Jacob S. Hacker is Professor of Political Science and Co-Director of the Center for Health, Economic, and Family Security at U.C. Berkeley. He is also a Fellow at the New America Foundation in Washington D.C.  His most recent books are Health At Risk: America's Ailing Health System--And How to Heal It, and The Great Risk Shift: The New Economic Insecurity and the Decline of the American Dream.

To my eyes and ears, Obama destroyed McCain on substance as well as style last night. Obama had clear substantive answers to every question, he seemed calm and measured, and his closing statement was as devastating as McCain's was rambling. Sure, he took a few liberties with the facts--even his own campaign is saying that the average family will save $2,500 in total from his health plan, not $2,500 in premiums alone--but this was a confident debate performance in which Obama again and again reached out to independents with a call for a new kind of politics and drove home his advantage on economic policy.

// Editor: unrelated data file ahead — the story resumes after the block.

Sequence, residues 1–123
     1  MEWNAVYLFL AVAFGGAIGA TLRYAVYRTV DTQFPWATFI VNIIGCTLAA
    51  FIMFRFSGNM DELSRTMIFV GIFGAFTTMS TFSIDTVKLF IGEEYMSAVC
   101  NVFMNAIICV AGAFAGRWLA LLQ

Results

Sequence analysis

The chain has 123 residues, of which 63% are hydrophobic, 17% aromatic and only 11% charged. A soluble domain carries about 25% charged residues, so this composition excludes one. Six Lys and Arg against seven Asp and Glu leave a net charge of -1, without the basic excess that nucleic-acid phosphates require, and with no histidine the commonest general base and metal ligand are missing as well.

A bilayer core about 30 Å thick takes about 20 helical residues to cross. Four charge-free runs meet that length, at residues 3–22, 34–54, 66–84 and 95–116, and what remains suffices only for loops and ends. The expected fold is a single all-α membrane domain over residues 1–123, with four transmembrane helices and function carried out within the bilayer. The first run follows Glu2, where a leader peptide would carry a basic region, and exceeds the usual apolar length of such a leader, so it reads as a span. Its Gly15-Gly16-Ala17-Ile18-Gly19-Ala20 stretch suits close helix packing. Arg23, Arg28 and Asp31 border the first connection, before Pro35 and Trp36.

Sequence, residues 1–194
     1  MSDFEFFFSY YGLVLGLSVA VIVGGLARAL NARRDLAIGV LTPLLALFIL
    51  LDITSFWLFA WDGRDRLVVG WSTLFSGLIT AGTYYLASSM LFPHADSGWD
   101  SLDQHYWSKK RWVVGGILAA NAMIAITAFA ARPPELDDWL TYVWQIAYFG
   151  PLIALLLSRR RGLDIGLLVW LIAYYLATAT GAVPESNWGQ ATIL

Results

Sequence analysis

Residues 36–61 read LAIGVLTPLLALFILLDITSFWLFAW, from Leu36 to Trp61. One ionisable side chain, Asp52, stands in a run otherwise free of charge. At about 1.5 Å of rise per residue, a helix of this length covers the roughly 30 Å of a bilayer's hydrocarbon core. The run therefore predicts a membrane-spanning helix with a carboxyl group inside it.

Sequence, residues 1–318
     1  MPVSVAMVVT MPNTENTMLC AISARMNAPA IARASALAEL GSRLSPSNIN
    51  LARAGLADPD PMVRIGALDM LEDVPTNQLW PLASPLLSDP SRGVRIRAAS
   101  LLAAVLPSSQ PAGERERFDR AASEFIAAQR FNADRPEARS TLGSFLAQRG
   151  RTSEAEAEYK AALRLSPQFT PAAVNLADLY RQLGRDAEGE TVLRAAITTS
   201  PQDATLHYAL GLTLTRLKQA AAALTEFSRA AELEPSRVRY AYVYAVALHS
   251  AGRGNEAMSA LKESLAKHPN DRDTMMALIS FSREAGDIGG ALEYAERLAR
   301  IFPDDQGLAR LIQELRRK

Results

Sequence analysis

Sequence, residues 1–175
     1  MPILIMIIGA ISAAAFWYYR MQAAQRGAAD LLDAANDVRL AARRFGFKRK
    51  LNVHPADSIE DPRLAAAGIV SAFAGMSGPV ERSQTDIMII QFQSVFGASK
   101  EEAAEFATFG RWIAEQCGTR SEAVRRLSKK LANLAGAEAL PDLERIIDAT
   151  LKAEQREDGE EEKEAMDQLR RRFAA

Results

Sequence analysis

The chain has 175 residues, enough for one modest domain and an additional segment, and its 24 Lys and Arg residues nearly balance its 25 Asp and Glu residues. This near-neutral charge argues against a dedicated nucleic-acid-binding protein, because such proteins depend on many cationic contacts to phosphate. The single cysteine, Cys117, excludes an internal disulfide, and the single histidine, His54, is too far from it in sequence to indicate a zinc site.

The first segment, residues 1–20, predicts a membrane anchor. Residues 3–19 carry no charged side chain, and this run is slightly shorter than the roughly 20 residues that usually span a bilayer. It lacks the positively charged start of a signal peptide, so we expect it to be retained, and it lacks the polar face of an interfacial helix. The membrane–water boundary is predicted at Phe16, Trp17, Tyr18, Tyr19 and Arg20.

McCain, on the other hand, really had a disastrous performance. Even if he hadn't looked as if he were undergoing some kind of strange, recurrent seizure, he threw out his points in staccato fire without pausing or linking them together. On substance, he didn't know the basics of Obama's health and tax plans after three debates, leaving himself open to looking ill-informed. McCain was very strong in the first debate, on his favored foreign-policy ground, but his performances have steadily degenerated since. This was his worst--and it's the final nail in an already tightly sealed coffin.

By the way, we political scientists generally subscribe to the "minimal effects" view of campaigns, in which both sides are savvy enough that their efforts cancel each other out. And this certainly seems like an election in which the fundamentals have swamped any campaign strategies either side has used. But I think it's time to recognize that Obama has done something more profound in this cycle than simply run a smart campaign; he is showing that the old Republican strategy on economic policy of calling for tax cuts and criticizing government, while thowing mud in every other area, has real limits when the other side directly confronts it with arguments for "investment" and more carefully targeted tax policies.

We can only hope that it really is the end of the Karl Rove era in American politics. It's certainly the end of John McCain's campaign.

--Jacob S. Hacker